With the expectation that the Republican Party unites around Handel, Ossoff has an uphill battle despite his strong primary showing. The district has not sent a Democrat to Washington since 1974, and though Ossoff represents the best chance to “flip the sixth,” a Republican candidate with a high degree of support has historically maintained a winning edge in this district. Ossoff can very well win this election, but even if he loses, his campaign and the recent Kansas special election has put a scare into Trump and the GOP-controlled Congress on notice. If the 2010 House Elections are any historical indication, the GA-6 special election foreshadows the Democratic Party rising in 2018.
Just as interestingly, however, we should ask ourselves whether the competitiveness of the district is actually sustainable, to which I would answer: almost certainly. While there is merit to the notion that GA-6 would not have been in play had a more establishment GOP presidential candidate been on the ballot last November (i.e. Mitt Romney won the district by 72,000 votes in 2012), it can be argued that the demographic shifts within both the district itself and Georgia as a whole would have become too powerful to keep GA-6 an uncompetitive Republican seat for much longer. As more companies have relocated and/or expanded to the district over the last twenty years, GA-6 has experienced a notable influx of new residents, many of whom are non-white and college-educated. In Sandy Springs, a city located in the southernmost part of the district and home to the likes of UPS, Cox Enterprises, and Mercedes-Benz USA, the population of Asian persons increased 66.74% in the period 2000-2010. Likewise, the population of persons Hispanic or Latino origin grew 57.01% over the same period of time, all while the population of Caucasian persons fell 8.26%. I expect to see this trend reinforced in the 2020 census, with a strong likelihood of even higher growth among non-white people.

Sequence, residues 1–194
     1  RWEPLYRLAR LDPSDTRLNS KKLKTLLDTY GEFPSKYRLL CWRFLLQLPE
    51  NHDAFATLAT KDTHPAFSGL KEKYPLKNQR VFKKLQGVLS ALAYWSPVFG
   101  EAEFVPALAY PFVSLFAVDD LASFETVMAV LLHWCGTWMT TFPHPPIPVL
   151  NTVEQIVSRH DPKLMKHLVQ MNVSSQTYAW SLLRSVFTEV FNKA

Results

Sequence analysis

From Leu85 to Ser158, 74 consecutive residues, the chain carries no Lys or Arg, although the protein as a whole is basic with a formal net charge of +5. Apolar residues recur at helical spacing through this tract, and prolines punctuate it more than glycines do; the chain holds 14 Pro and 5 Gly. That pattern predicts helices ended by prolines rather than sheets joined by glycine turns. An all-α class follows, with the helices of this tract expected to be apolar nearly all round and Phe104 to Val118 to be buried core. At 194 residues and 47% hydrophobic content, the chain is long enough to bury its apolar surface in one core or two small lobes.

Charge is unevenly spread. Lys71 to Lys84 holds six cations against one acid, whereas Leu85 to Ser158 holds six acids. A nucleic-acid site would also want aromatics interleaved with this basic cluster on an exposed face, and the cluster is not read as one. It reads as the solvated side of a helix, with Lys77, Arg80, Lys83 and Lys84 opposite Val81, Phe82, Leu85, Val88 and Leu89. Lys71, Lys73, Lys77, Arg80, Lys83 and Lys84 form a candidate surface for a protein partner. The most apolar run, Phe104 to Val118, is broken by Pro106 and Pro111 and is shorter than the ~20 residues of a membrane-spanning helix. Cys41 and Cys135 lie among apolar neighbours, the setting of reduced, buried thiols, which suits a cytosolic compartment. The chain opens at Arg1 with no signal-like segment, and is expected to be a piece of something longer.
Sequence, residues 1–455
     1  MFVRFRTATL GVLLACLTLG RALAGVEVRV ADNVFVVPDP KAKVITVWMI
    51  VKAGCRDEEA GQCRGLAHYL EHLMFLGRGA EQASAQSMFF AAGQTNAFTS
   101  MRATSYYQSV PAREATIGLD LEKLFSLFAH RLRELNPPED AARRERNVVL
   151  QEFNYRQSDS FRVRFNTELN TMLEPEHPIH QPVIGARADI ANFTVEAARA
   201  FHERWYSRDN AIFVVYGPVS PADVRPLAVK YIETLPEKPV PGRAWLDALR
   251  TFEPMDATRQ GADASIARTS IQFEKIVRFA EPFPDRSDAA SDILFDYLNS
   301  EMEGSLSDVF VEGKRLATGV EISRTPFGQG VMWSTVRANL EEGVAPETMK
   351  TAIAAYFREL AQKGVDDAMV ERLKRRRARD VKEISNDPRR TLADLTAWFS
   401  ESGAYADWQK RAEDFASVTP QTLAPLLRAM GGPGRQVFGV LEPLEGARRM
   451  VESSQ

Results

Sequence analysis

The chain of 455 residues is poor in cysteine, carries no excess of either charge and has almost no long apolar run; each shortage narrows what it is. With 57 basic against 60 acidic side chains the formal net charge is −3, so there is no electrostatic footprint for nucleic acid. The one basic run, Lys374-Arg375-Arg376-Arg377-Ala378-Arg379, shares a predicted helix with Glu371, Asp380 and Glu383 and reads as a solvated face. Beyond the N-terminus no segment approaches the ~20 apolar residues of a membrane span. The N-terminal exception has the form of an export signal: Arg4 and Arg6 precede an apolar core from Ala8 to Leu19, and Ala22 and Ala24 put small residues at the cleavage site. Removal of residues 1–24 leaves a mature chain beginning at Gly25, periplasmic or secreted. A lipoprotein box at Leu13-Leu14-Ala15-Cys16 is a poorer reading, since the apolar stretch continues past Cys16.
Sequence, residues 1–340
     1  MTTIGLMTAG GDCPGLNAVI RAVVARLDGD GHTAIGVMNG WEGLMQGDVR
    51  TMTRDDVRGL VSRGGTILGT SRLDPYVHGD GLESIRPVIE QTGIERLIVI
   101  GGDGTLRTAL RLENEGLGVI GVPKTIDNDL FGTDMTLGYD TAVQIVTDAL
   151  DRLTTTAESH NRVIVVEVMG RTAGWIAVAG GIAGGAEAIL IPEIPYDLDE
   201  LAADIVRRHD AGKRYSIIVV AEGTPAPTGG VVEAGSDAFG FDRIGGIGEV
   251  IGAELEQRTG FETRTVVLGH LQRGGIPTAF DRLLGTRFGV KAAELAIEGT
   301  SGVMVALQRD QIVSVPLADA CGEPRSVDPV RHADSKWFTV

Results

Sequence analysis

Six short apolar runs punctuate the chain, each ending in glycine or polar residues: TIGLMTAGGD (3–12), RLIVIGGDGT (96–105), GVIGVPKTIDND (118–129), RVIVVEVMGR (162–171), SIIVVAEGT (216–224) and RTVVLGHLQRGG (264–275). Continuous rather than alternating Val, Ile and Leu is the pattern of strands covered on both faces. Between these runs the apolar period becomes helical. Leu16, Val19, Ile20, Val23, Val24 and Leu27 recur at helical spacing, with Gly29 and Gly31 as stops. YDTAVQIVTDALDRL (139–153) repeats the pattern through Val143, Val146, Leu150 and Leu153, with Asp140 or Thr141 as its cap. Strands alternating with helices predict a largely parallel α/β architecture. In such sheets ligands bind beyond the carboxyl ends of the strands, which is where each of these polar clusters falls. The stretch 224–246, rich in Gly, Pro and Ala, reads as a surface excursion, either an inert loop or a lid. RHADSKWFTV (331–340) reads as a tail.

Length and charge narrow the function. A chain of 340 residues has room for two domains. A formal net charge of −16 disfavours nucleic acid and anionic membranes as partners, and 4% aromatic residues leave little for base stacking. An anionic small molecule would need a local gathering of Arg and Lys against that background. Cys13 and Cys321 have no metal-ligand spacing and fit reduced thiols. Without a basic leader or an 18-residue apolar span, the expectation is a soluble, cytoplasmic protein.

Most telling for the future, the Ossoff campaign has employed and motivated an upbeat and young base that has entered politics, many of whom I know personally. After getting a taste of participating in an election, these Ossoff supporters have demonstrated an eagerness to further their political activist efforts, especially in spite of President Trump.
Update: On June 20, 2017, Karen Handel defeated Jon Ossoff by a 51.9%-48.1% margin, surpassing the pre-election polling projections that predicted a deadlock the entire way. While Ossoff won early voting by nearly 10,000 votes, Handel greatly outperformed her opponent by 20,000 votes on election day voting. While Handel's victory extends the Republican grasp over GA-6 and leaves Democrats continuing to look for answers after their party's fifth special election loss in 2017, Democrats have continually outperformed their benchmarks in special elections and, as was the case with Republicans and Obama, the words "President Trump" have shown no signs of slowing down an impassioned Democratic base. This will make many House seats in the Trump era more competitive, let alone in Georgia's Sixth District.
- Jake Steel & Jay Edlin (Guest Contributor from GA Tech)